Darjeeling Diary – How it started

Darjeeling, in Tibetan, means the ‘land of Thunders’. ‘Dorje’ means thunder and ‘ling’ means a place or a land. However, another school of thoughts believe the name has originated from the ‘Thunderbolt Spectre’ or ‘Bajra’ of the Hindu god Indra. Whatever be the reason the name is related to thunders and there must have been some reasons for that.

The Chowrasta Mall (1870)

For the most part of history, Darjeeling was an unimportant village on the hills near the Rungeet River and was under the kingdom of Sikkim. Naturally, there was not much historical evidence of the existence of the place. It was as late as 1829 when two British officials visited Darjeeling while travelling to Sikkim to resolve a border dispute. Before that, in the late eighteenth century, the region was captured by the Gorkhas of Nepal. After Nepal’s defeat in the Anglo-Gorkha war (1814), the region, along with Darjeeling was recovered by the British and was given back to the Chogyel of Sikkim.

When Captain George Alymer Lloyd and J.W. Grant were sent by Lord Bentinck to resolve a border issue between Nepal & Sikkim, they rested in the small hamlet of Darjeeling for six days. At that time, only about 100 Lepchas were residents of this hamlet. It was February and one can easily imagine the amazing weather there was at the place and that certainly shocked the British officials. Soon after returning from their trip, in June 1829, Lloyd communicated to the Governor about the possibility of setting up a sanatorium at that place because the place had out of the world climate and natural beauty.

An old photograph of Toy Train leaving Darjeeling Station

It was another February in the year 1835 when Chogyel of Sikkim agreed to lease the areas, which were nothing but a barren forest in the middle of nowhere to him, to the British East India Company. The company which was really eager to set up a place for its wounded soldiers and elder officers to spend their time started work immediately. That brought Archibald Campbell to this place. Though Lloyd should get the credit for finding this hidden gem, the credit of setting up the city and bringing the world famous tea to the soils of Darjeeling goes to Campbell.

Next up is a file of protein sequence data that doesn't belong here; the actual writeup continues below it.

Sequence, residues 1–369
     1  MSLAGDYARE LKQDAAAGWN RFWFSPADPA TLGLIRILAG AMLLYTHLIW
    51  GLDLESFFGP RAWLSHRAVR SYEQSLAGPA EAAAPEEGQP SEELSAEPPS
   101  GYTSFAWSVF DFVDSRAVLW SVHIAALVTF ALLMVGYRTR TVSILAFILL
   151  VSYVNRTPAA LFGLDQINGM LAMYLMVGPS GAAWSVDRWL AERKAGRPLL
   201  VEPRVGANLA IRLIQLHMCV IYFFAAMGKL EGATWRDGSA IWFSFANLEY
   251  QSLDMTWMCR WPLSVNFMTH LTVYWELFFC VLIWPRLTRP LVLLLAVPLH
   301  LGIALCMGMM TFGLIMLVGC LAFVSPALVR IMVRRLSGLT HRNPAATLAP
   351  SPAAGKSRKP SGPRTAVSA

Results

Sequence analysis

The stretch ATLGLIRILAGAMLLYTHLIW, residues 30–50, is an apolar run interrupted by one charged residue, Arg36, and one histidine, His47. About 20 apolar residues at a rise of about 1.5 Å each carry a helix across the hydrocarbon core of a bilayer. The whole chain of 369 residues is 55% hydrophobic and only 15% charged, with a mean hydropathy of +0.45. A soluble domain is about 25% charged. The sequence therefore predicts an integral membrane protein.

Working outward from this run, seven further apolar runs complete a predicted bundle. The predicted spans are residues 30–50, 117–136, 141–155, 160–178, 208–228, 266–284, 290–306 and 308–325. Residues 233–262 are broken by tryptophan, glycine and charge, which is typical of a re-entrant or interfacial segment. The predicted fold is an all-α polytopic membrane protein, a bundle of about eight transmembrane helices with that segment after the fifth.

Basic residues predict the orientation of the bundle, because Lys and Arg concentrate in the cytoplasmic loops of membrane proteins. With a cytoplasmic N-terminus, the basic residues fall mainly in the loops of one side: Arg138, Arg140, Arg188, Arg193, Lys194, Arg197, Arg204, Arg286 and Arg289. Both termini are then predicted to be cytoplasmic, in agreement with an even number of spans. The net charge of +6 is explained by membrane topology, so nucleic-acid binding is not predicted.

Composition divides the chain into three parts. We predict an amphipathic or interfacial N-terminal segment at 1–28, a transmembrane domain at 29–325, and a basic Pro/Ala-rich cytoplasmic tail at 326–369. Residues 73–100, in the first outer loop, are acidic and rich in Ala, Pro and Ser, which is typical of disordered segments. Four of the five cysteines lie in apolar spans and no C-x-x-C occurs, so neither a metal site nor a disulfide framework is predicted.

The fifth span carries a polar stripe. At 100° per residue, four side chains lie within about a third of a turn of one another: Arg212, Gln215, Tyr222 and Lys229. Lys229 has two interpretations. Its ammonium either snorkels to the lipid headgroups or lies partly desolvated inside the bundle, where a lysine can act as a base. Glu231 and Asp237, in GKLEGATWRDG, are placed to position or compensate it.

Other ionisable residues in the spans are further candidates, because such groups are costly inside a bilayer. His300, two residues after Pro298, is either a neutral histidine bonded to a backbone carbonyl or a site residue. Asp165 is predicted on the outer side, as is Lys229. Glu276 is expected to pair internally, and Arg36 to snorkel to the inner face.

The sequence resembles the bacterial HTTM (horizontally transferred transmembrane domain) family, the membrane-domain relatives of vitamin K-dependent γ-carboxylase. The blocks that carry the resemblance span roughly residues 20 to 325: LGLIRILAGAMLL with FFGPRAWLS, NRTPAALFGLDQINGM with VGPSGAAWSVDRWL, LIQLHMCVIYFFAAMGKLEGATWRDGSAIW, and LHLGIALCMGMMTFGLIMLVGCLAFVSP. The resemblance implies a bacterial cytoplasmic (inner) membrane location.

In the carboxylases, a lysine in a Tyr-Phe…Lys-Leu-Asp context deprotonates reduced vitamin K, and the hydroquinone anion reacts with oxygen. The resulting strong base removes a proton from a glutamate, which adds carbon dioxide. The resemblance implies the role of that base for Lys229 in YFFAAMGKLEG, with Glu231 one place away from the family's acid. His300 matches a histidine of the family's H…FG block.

Campbell was a member of Indian Medical Services and he was entrusted with the job of setting up the sanatorium. The work under Dr Campbell started and Darjeeling became a beautiful hill station. He was assisted by Lieutenant Napier and within four years the sanatorium was ready and it opened its doors to the sick and ailing British officers and soldiers in the year 1839 – Campbell became the first superintendent of it.

Chowrasta Mall

In the same year, a road construction was started on which horse driven carts used to ply. Though the quality of the road was not good for moving vehicles the ‘Hill Cart Road’ was built on the same route in the year 1866. In the year 1841, Archibald Campbell brought a few seeds of Chinese Tea from Dehradun and planted them in his backyard – which was the first tea plants to grow on the soils of Darjeeling and was eventually going to change the history of the city forever.

In the year 1850, the city was brought under the administration of a Municipality but before that, a lot has happened to convert Darjeeling into a Tea Planting Ground as well as a centre of education. The Government made arrangements to grow the plantation and had set up tea nursery in 1847 and some of the prominent British residents of the hill station started experimenting with tea plantation at various levels of the hill. The Loreto Convent, the first European school of Darjeeling started in the year 1847.

Soon, the city’s population started to increase and construction was in full swing. The first commercial Tea Estate (Tukvar, Steinthal & Aloobari) started in the year 1852 followed by many more. The famous St. Paul School shifted its campus from Kolkata to Darjeeling in the year 1864. Planters Club, the place for the social gathering of the Tea Estate owners was set up in the year 1868. The most important part of Darjeeling’s initial development was the Narrow Gauge Railway which was constructed between 1878-1881. The railway station was upgraded and remodelled in the year 1891.



  1. […] Though Darjeeling had become a sprawling city with the Nineteenth Century moving towards its second half, reaching there was a big problem. The steep slope of the road that connected the plains with the hill city was the main reason for the problems. The journey from Kolkata, the capital of the country was to take more than two weeks. The Meter Gauge railway that was used for the journey was only up to Sahibgunj, on the Southern bank of River Ganges. From there a ferry was to be taken to cross the river and then a long tiring bullock cart journey would take to Siliguri. From there another long journey through the steep slope of the hill on a Horse Cart was to be taken to reach Darjeeling. […]


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